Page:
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Astronomical Observational Techniques and Instrumentation. RIT Course Number 1060-771 Professor Don Figer Other wavebands: gamma-ray, FIR, submm, mm. Gamma Ray Imaging. Introduction. Gamma rays are photons with energies above 10 5 eV

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Astronomical observational techniques and instrumentation

Astronomical Observational Techniques and Instrumentation

RIT Course Number 1060-771

Professor Don Figer

Other wavebands: gamma-ray, FIR, submm, mm



Introduction
Introduction

  • Gamma rays are photons with energies above 105 eV

  • Gamma rays can be detected directly in space or as secondary showers on the ground.


Gamma ray astronomy
Gamma Ray Astronomy

  • There are ~100 known gamma ray sources.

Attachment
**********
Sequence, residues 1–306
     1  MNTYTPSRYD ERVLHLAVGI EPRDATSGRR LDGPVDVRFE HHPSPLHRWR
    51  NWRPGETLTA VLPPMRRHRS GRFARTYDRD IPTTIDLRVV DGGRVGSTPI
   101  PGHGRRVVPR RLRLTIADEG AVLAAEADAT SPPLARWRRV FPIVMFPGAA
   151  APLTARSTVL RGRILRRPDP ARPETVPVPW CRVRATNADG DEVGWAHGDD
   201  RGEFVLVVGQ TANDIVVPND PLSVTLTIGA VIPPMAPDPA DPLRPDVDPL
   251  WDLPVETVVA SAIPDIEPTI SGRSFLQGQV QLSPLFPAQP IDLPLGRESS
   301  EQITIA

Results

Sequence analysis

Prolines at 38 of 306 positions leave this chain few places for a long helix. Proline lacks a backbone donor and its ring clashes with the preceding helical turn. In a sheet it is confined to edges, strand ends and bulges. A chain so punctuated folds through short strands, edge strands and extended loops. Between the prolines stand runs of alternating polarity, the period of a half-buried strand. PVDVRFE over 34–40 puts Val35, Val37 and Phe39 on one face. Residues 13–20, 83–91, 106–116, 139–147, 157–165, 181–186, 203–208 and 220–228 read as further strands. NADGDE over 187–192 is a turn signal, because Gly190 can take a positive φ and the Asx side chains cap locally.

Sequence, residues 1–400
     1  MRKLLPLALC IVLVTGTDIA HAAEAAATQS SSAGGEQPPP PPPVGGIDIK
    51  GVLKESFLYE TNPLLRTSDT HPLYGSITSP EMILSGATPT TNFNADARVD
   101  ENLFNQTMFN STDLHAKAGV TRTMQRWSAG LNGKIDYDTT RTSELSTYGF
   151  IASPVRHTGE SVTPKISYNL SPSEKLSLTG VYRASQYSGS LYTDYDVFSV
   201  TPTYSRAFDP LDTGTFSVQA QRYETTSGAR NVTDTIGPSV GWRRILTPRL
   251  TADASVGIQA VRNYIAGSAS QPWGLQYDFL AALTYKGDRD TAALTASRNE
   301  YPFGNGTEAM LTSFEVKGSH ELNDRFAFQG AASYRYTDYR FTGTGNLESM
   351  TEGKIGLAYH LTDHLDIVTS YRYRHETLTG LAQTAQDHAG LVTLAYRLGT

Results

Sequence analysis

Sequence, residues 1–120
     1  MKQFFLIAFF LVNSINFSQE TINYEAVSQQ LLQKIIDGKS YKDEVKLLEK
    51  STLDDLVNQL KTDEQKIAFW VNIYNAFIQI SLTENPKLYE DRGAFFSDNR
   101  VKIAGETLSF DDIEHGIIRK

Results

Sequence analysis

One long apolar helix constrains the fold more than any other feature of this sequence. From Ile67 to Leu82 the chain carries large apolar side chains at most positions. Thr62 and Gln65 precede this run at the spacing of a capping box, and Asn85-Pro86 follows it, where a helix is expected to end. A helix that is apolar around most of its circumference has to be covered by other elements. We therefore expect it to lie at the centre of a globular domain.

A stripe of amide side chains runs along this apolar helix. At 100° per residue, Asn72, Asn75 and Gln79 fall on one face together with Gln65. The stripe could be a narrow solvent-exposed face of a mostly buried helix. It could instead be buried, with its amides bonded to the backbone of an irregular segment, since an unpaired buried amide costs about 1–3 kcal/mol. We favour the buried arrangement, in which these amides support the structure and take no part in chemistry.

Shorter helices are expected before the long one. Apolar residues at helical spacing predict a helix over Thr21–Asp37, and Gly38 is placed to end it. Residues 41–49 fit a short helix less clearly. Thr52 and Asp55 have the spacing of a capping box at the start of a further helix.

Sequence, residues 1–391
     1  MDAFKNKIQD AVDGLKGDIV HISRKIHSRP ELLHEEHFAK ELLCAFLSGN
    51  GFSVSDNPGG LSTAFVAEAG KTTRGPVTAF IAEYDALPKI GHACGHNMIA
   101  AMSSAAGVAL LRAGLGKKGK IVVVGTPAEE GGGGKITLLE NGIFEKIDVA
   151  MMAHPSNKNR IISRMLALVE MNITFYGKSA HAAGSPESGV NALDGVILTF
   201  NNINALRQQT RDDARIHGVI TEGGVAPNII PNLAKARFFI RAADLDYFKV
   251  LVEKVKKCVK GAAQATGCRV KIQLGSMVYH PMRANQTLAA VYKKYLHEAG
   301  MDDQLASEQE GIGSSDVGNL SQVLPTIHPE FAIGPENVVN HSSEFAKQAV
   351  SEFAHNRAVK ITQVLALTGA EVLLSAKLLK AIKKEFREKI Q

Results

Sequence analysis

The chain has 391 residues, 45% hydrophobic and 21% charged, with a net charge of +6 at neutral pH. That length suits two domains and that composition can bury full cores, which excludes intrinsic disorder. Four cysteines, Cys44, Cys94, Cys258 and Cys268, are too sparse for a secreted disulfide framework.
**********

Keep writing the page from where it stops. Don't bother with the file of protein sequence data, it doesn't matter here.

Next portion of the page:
• Crab is the standard candle (2.1 × 10−11 photons cm−2 s−1 above 1 TeV).

  • Today’s technology gives sensitivity limit of ~1% Crabs.

  • Typical objects

    • supernova remnants

    • pulsar wind nebulae

    • broad-lined active galactic nuclei (AGN with jet aligned along the line of sight)

    • pulsars

    • binaries

    • a few starburst galaxies

    • a few radio galaxies





Gamma ray detectors1
Gamma Ray Detectors

  • Scintillators

  • Solid State Detectors

  • Compton Scattering Detectors

  • Pair Production Detectors

  • Cherenkov Radiation Detectors


Scintillators
Scintillators

  • A scintillator is a material that emits low-energy (usually in the visible range) photons when struck by a high-energy charged particle.